(call $env.stackRestore (local.get $l2) ) (local.set $l3(i32.const 0)) 
      (i32.store offset=12 (local.get $l2) (local.get $l3)) 
      (local.set $l4 (call $test1)) 
      (local.set $l5 (call $test2)) 
      (local.set $l6 (i32.add (local.get $l4) (local.get $l5))) 
      (i32.store offset=8 (local.get $l2) (local.get $l6)) 
      (local.set $l7 (i32.load offset=8 (local.get $l2))) 
      (local.set $l8 (i32.const 16)) 
      (local.set $l9 (i32.add (local.get $l2) (local.get $l8))) 
      (call $env.stackRestore (local.get $l9)) (return(local.get $l7))
   )
   (func $main 
      (export "main") 
      (type $t3) 
      (param $p0 i32) 
      (param $p1 i32) 
      (result i32) 
      (local $l2 i32) 
      (local.set $l2 
      (call $__original_main)) 
      (return (local.get $l2))
   ) 
   (func $__post_instantiate (export "__post_instantiate") (type $t1) (call $f2)) 
   (global $__dso_handle (export "__dso_handle") i32 (i32.const 0))
)

The WebAssembly text format has some imports defined as shown below −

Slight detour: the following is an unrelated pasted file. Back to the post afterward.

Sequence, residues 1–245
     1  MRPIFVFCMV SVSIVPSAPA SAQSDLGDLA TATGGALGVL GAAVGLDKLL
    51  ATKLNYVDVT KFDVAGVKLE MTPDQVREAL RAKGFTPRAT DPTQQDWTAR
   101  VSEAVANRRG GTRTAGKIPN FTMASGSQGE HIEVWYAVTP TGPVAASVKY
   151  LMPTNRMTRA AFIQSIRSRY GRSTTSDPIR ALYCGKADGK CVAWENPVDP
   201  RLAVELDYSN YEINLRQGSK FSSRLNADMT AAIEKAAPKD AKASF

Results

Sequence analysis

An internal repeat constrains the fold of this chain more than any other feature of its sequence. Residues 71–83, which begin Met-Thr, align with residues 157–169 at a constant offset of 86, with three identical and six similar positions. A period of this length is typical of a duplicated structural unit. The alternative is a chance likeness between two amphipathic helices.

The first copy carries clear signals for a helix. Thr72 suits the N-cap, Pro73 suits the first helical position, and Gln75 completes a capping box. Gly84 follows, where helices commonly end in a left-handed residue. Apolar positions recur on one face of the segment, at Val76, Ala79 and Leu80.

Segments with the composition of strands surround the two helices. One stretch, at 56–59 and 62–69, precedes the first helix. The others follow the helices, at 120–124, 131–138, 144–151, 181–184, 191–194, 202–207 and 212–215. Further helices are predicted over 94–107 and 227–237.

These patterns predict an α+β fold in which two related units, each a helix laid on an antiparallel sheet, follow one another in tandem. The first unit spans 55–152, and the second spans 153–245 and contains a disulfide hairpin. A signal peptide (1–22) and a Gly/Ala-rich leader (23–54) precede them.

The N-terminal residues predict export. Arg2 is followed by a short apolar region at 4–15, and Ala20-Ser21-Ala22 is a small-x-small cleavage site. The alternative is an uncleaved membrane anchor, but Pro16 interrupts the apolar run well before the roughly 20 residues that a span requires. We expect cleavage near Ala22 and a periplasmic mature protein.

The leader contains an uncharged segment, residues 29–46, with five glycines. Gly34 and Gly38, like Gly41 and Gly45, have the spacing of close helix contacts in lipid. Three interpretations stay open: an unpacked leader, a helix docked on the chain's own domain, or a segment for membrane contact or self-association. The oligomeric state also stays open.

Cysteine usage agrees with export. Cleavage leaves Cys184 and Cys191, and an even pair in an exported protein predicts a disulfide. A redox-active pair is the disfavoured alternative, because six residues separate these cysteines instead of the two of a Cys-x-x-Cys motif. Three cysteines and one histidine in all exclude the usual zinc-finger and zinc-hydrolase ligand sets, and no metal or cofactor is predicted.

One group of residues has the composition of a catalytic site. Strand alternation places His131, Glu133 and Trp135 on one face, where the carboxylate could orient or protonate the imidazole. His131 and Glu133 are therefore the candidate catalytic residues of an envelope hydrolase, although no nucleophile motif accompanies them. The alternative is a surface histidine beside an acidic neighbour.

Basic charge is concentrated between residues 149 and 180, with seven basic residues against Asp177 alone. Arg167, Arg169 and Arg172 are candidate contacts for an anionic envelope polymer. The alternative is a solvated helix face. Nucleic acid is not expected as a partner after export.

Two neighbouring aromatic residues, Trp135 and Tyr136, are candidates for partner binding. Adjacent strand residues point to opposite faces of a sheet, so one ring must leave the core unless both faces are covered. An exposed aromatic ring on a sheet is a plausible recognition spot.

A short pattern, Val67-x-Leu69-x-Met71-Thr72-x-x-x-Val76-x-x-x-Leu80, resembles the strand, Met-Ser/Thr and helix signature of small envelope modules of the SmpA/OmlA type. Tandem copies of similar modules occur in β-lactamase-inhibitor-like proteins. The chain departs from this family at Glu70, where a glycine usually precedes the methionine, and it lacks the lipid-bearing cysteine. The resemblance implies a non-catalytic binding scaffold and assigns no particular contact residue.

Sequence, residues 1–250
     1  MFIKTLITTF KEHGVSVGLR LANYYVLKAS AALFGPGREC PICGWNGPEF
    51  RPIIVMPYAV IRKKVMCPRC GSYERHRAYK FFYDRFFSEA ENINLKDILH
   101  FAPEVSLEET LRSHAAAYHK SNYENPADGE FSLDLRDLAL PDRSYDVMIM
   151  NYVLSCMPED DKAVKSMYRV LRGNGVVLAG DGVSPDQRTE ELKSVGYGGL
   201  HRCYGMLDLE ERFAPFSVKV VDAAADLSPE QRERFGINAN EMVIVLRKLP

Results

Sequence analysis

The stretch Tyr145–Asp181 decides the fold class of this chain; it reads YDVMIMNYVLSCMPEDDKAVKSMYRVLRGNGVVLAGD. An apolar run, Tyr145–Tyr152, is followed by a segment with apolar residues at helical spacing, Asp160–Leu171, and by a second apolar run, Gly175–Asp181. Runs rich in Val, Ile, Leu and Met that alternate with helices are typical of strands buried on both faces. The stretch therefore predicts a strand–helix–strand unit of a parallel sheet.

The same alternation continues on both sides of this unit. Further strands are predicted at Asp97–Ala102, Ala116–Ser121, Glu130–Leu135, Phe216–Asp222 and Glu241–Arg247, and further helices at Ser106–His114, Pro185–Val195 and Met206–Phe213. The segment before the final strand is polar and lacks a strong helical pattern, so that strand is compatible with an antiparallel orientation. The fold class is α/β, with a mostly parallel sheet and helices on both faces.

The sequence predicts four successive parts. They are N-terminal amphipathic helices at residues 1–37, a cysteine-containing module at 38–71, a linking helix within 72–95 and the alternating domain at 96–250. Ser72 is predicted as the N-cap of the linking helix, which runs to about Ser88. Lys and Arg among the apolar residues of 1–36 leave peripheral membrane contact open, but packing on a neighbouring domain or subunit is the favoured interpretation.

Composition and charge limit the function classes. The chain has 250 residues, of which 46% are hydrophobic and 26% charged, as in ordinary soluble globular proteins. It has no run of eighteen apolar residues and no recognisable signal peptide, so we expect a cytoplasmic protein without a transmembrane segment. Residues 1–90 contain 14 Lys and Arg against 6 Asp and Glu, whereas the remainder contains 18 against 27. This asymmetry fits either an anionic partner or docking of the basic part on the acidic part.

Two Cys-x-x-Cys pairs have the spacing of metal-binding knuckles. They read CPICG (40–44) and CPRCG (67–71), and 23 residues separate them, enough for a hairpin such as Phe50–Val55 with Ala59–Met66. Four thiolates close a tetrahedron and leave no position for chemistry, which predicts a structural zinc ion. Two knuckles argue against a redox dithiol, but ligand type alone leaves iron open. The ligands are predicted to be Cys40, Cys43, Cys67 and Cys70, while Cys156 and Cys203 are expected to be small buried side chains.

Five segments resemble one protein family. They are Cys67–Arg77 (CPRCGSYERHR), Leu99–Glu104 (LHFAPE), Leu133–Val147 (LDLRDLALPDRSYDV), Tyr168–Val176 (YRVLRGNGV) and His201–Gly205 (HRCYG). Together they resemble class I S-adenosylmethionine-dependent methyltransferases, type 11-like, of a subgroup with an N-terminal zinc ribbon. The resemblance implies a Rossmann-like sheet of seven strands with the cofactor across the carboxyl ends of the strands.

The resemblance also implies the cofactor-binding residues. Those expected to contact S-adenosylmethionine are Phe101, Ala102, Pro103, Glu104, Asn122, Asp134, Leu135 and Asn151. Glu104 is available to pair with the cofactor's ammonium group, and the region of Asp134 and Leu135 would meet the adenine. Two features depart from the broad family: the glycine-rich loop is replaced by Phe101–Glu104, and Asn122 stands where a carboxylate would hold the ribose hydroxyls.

(import "env" "stackSave" (func $env.stackSave (type $t0)))       
(import "env" "stackRestore" (func $env.stackRestore (type $t2))) 
(import "env" "__memory_base" (global $env.__memory_base i32)) 
(import "env" "__table_base" (global $env.__table_base i32)) 
(import "env" "memory" (memory $env.memory 0)) 
(import "env" "table" (table $env.table 0 funcref))

This is added while compiling code by emcc(emscripten sdk) and it deals with memory management in WebAssembly.

Working with Imports and Exports

Now to see the output, we will have to define the imports that you can see in the .wat code −

(import "env" "stackSave" (func $env.stackSave (type $t0)))       
(import "env" "stackRestore" (func $env.stackRestore (type $t2))) 
(import "env" "__memory_base" (global $env.__memory_base i32)) 
(import "env" "__table_base" (global $env.__table_base i32)) 
(import "env" "memory" (memory $env.memory 0)) 
(import "env" "table" (table $env.table 0 funcref))

The above terms are explained as follows −

  • env.stackSave − It is used for stack management, a functionality that is provided by the emscripten compiled code.

  • env.stackRestore − It is used for stack management, a functionality that is provided by the emscripten compiled code.

  • env.__memory_base − It is an immutable i32 global offset that is, used in env.memory and reserved for the wasm module. The module can use this global in the initializer of its data segments, so that, they are loaded at the correct address.